Bad news keeps on coming in this creepy tale

Directed by Scott Cooper
Written by Cooper, C. Henry Chaisson and Nick Antosca
100 minutes, rated MA
General release

Trauma has become a cliche of American cinema, horror in particular. But it could hardly be said the theme has gone out of date. Scott Cooper’s murky but interesting Antlers gives us a double dose, starting with the heroine Julia (Keri Russell) a schoolteacher who has recently returned from California to the Oregon mining town she fled long ago.

Paul (Jesse Plemons), the brother she left behind, has become the local sheriff, maintaining in his abashed way that no one else much wanted the job. With the pair once more living side by side in the house where they grew up, it’s as if nothing has changed since childhood, despite the death of their monstrous dad (Andy Thompson).

Keri Russell and Jeremy T. Thomas have plenty to be concerned about in Antlers.

The town itself seems stuck in time, though it’s also in a state of visible decay. Coal remains the main industry, with the winding back of environmental regulations announced on a radio that broadcasts nothing but bad news. But the meth and opioid trades are also flourishing; even Paul is hooked on pills of some sort, though Cooper lets us observe this for ourselves rather than making it a major dramatic issue.

Haunted by awful memories, Julia grows increasingly preoccupied with one of her students, Lucas (Jeremy T. Thomas), a fragile, hoarse-voiced 12-year-old who looks at the ground as he speaks. Inevitably, he’s bullied by his classmates – but Julia suspects he’s also being abused at home, presumably by his own father (Scott Haze), a miner who has recently dropped out of sight.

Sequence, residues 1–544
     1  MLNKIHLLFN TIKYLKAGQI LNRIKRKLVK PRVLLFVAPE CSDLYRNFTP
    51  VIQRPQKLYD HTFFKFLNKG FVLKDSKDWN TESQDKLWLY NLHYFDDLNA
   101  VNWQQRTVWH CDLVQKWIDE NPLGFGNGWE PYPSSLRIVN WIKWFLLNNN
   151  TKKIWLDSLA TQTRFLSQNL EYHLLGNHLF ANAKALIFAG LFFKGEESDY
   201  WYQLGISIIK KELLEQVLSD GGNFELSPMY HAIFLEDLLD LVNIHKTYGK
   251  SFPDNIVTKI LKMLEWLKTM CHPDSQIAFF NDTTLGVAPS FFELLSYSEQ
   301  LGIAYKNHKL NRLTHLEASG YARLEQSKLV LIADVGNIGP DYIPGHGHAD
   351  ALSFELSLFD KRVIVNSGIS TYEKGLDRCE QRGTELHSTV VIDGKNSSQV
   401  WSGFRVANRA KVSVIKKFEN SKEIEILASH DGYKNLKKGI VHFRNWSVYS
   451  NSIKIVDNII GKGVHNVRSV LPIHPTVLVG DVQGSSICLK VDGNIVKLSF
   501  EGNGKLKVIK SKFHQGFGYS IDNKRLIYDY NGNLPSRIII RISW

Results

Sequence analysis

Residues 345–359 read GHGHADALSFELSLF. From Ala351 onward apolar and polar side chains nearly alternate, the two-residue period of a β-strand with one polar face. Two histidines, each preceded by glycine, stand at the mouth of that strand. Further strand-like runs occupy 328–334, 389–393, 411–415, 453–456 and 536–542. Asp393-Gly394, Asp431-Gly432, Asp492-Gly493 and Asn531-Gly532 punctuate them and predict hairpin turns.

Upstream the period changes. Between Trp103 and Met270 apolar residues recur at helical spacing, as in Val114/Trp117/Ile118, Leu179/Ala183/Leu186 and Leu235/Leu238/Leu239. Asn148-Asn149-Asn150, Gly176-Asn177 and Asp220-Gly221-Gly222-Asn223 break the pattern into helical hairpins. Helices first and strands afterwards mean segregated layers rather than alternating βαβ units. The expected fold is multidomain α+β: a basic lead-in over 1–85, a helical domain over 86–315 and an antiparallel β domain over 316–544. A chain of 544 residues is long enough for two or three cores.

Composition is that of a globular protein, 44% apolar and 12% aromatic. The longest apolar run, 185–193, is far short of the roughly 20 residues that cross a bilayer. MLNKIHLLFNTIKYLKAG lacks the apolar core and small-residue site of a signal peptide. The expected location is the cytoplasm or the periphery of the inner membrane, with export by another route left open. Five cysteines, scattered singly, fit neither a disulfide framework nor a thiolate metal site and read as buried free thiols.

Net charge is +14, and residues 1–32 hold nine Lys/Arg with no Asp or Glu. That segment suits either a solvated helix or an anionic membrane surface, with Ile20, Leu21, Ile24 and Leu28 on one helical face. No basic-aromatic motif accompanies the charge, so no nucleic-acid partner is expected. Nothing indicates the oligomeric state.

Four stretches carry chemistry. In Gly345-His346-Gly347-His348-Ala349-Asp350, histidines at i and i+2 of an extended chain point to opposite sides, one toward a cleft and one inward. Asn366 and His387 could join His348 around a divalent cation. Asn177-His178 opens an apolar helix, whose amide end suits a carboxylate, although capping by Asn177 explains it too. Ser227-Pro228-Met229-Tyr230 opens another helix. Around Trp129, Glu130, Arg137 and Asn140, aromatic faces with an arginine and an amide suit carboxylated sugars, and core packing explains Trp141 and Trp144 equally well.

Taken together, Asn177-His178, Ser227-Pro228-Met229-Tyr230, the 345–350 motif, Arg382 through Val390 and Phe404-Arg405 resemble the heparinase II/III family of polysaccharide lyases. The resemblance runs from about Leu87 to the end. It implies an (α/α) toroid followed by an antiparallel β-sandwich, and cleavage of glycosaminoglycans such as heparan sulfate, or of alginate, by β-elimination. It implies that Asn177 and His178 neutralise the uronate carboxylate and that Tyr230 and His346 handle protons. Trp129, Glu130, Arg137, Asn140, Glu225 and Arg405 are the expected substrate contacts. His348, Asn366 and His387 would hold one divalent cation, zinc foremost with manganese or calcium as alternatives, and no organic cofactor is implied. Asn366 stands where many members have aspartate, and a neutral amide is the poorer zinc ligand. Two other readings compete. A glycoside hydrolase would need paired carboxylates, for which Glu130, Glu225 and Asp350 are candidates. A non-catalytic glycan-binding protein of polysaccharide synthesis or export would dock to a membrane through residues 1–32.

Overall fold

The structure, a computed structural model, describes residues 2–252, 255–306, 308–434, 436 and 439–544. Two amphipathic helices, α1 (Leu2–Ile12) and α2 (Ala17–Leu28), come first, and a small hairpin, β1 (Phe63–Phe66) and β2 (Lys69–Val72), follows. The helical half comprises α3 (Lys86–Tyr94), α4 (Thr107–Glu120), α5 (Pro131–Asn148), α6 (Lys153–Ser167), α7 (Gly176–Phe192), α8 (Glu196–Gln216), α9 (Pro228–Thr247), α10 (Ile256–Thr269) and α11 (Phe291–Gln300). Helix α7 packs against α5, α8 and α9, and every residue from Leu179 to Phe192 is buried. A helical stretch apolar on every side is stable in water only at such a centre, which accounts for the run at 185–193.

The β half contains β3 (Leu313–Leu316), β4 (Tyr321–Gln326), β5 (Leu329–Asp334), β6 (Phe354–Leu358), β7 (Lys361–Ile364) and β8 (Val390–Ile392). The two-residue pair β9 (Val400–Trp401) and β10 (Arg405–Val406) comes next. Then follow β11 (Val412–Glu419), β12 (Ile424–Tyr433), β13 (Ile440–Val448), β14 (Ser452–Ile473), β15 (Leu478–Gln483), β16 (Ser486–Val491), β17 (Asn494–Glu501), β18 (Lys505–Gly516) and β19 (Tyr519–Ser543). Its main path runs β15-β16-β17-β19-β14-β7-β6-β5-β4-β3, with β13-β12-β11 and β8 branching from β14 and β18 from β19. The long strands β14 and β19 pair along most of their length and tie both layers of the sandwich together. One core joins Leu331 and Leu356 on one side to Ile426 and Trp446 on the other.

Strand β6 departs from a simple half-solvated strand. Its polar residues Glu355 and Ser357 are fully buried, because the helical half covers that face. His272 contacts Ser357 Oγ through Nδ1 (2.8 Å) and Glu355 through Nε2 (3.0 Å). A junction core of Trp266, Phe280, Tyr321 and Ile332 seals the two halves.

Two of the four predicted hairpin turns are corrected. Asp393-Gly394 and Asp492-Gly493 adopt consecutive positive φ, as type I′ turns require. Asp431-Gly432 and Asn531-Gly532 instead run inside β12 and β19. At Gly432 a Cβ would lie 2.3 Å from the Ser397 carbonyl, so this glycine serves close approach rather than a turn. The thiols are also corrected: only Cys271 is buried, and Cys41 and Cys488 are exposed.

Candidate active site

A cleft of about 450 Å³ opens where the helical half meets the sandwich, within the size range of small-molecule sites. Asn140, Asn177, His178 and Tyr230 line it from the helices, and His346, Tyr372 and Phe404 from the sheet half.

All up, Antlers is a lot less goofy than you’d expect from a horror movie called Antlers, certainly less goofy than it would have been if its producer Guillermo del Toro had directed it himself. The dour tone is reinforced by the muted, shadowy look maintained by cinematographer Florian Hoffmeister, who’s especially cunning about using medium focus to keep us peering anxiously into the distance.

Cooper, who co-wrote as well as directing, remains a hard guy to place: a regionalist who shifts between regions as often as he does between genres. His 2015 Boston gangster movie Black Mass had a lot of horror aspects, thanks to the extremely creepy lead performance by Johnny Depp; conversely, this first official venture into horror is not too far from the spirit of social realist drama.

To be sure, there is a species of monster here (we see events through Lucas’ eyes as well as Julia’s, so we don’t have to wait forever to find out). The veteran Native American actor Graham Greene shows up as a local elder, filling in the mythological background in a likeably weary manner that implies he’s performed the same duty many times before.

Nor does Cooper hold back on the grand guignol element, which Del Toro may have insisted on: blood is slathered across crime scenes like ketchup on a hot dog, corpses are mutilated in ingenious ways. But none of this feels like the heart of the matter – which is admittedly difficult to locate, since beneath its sober surface the film moves in many directions at once.

There’s all the social commentary stuff, including a possible allegory for the resurgence of the coal miners’ disease commonly known as “black lung”. But other details are harder to fit into any larger picture: the weirdly phallic rag doll Lucas carries around, an exchange about the death of God, or Julia showing her class Othello on an old movie projector as if the town had never heard of DVDs.

The strongest thread remains the story of Julia and Paul, brought to life by the contrasting ways the actors make the effects of trauma visible. Russell is gaunt and tense, jumping at shadows; Plemons, with his big doughy face, looks much older than his actual age of 33, and draws on the same gift for portraying emotional incapacity that has made him so effective at playing villains.

“You have no idea what he did to me,” Paul tells his sister evenly, for once getting the last word in a squabble about their father. The camera stays with him as he stands vacantly in a corridor, clutching a disposable cup. That refusal to go further is more unnerving than any of the big death scenes.”

TV, movies, Find out the next TV, streaming series and movies to add to your must-sees. Get The Watchlist delivered every Thursday.

Most Viewed in Culture

From our partners

Source: Read Full Article